Now the same teams have fallen victim to their own success. They lost their identity when their top players moved to European clubs and adopted European football mentalities. Europeanization, I firmly believe, has taken its toll on these players and their national teams. The safety-first approach adopted by these European-based stars is killing the entertainment factor in African football.
A typical African style requires that players are given more freedom to express themselves on the pitch rather than playing a strictly team game. I truly adore this style of football and I’m not alone in my passion for it. It could be said that almost all the African legends still enjoy that typical African style that is giving way to Europeanization, which does not allow players to play their own game.
Born at a time when the African style was waning, I can comfortably say that I fell in love with African football by accident. Like a lover who takes time to warm to you, I skipped by the game often in my life without paying attention. Then, one day, it hit me between the eyes and my heart was forever taken.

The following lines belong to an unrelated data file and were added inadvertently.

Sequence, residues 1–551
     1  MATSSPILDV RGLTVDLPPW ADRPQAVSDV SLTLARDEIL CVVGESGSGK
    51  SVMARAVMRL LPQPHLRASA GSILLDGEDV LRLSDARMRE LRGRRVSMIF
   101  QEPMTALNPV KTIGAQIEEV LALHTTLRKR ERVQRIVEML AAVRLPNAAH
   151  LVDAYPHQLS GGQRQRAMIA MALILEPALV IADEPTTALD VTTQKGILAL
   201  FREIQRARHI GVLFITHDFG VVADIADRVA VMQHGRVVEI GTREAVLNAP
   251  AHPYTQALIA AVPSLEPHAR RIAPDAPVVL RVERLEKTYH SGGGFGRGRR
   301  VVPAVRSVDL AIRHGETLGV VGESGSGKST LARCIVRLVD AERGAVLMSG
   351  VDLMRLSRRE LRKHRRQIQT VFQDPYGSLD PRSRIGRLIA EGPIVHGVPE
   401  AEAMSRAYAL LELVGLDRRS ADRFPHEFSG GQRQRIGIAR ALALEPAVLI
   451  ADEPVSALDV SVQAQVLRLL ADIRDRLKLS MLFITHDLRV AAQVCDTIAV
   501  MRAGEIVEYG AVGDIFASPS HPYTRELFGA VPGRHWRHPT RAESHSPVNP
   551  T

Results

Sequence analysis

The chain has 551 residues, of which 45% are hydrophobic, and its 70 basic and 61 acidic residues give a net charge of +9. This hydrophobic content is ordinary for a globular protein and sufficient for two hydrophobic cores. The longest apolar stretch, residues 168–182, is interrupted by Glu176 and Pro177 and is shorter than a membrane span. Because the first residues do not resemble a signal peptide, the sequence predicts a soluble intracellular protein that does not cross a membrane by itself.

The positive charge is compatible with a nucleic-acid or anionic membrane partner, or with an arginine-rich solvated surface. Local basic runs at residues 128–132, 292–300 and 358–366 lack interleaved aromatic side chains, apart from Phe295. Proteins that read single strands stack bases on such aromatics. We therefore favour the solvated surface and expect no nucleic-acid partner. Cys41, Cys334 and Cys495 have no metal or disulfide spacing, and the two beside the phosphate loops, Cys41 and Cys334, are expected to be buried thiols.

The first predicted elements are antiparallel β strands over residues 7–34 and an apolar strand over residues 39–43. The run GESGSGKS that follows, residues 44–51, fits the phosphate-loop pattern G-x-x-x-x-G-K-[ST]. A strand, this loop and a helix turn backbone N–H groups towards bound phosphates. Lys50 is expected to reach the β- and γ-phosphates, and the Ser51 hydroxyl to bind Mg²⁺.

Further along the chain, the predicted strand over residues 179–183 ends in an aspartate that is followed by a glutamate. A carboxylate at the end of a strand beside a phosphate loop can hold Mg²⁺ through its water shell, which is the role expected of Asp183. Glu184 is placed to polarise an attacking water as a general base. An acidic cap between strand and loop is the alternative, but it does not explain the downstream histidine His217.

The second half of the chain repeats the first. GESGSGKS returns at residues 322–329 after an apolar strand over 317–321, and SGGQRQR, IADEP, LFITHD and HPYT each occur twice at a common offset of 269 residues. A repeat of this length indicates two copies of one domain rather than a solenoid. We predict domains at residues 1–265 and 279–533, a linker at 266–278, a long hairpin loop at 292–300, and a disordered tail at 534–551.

It was during the 1998 FIFA World Cup finals in France, where Nigeria’s master dribbler, Austin Jay Jay Okocha, made me wonder whether there was any other skilful player on the globe that could dazzle spectators as he did. The France showpiece, as far as I can recall, had its fair share of its soccer wizards such as Zinedine Zidane (who was to become best player of the tournament), Brazilian midfield maestro Rivaldo, Argentina’s Gabriel Batistuta, Chile’s Marcelo Salas and Croatia’s Davor Suker.